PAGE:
Energy

Sustainable energy use in wineries should focus on two aspects: energy conservation throughout the winery and renewable energies. Here too businesses should map and measure expenditure and consider low-hanging fruit measures before making expensive investments.

Studies in office buildings showed energy savings up to 41% from simple measures like window blinds, adjusting thermostats and switching lights and equipment off when leaving. Energy cost can also be considered in employee travel, everyday transport and selecting marketing materials.

Producers can favour eco-friendly packaging, such as recycled wine boxes or lighter bottles, which save energy in production and/or transport. Bag-in-box, aluminium cans or bottles, kegged wines on tap and wine bottles made from recycled paperboard have much lower lifecycle impact than single-use glass. Or wineries can participate in bottle reuse projects.

For winery buildings, experts recommend comprehensive energy management, centred around energy-efficient passive construction, insulation, refrigeration, renewable energy and – still problematic – energy storage. Options depend on the winery’s environment, size and resources. A few examples:

  • utilising natural caves, existing cellars or constructing underground. In Pessac-Léognan, Smith Haut Lafitte’s chai furtiff operates without any electric cooling;
  • Asti Winery (Cloverdale) saves 1.6 million kWh annually by using natural daylight and energy-efficient lighting with motion sensors, insulating 93 wine tanks and installing variable speed drives to adjust the speed of compressors and fans;
  • in hot, arid Paso Robles, Lohr cut energy costs by installing two high-speed roll-up doors. Previously, doors were left open during production hours for easy access;
  • a 20
    20 New Zealand trial showed that pulse cooling tanks, pumping coolant through refrigeration jackets in intervals, uses 70% less energy.

For their remaining energy needs, wineries can favour renewable sources. However, to be truly sustainable, they should factor in the material, environmental and energy costs of harnessing and transporting energy, and avoid outsourcing environmental costs to developing countries.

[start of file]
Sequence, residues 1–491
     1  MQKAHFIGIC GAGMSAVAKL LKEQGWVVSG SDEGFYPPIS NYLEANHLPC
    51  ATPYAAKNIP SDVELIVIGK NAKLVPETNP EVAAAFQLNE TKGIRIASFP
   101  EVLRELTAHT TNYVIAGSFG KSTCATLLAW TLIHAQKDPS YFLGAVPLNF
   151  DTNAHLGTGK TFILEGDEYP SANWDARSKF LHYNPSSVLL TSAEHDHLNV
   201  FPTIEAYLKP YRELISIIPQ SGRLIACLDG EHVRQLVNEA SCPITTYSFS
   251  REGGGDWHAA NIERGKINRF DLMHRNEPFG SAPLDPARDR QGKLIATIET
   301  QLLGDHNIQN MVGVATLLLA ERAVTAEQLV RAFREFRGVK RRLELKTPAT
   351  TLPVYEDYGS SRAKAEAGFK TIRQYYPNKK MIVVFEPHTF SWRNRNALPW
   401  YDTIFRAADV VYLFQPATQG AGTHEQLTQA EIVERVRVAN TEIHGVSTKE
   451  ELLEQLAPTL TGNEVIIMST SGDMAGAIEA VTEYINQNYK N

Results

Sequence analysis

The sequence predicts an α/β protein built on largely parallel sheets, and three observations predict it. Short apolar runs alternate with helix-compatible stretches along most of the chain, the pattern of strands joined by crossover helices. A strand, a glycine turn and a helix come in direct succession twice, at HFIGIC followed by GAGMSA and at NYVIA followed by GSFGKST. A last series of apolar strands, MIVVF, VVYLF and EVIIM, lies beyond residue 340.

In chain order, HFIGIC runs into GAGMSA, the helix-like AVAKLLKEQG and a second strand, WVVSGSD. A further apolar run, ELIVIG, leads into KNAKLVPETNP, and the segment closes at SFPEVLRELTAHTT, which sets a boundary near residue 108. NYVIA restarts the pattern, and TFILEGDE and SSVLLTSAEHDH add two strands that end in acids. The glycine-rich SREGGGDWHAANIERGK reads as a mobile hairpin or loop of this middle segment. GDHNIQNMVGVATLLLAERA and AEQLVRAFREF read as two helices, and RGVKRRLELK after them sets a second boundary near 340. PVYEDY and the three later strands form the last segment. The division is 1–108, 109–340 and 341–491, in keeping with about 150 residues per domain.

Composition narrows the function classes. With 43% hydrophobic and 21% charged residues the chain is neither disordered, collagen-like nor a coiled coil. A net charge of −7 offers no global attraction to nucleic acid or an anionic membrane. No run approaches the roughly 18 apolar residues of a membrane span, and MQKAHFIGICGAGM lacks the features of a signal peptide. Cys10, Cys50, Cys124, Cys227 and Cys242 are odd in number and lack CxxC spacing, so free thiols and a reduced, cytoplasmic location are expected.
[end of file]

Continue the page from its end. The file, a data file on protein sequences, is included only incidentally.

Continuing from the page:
Despite concerns about visual aspects, impact on wildlife and microclimates, wind energy is one of the cleanest energies. Wind turbines come in different sizes, suitable for a range of wineries, but location is key for optimal performance, favouring open plains, hilltops, mountain gaps or bodies of water.

Solar and photovoltaic panels are generally suitable for wineries, since most are in medium to high solar radiation areas and there is a seasonal match between peak energy consumption and higher radiation times. But it is intermittent, depending on sunshine, and therefore often complemented with other technologies. In California, for example, Trinchero Family Estates and Stone Edge Farm combine solar energy with fuel cells: electrochemical energy-conversion devices working on hydrogen. Alternatively, Montepulciano’s Salcheto blends photovoltaic, geothermal and biomass solutions. The latter, where grape stems, pomace and lees are converted into biofuels, also addresses waste disposal issues.

Many measures are not feasible – nor desirable – for all wineries. However, sustainability can be factored into choosing suppliers and services, as more sustainable solutions become increasingly available.


Continued in part 2.
This article is based on the July 2022 D6 paper Kristel submitted. Read it here.
Kristel passed this paper with distinction, a mark that few achieve for this unit within the WSET Diploma course.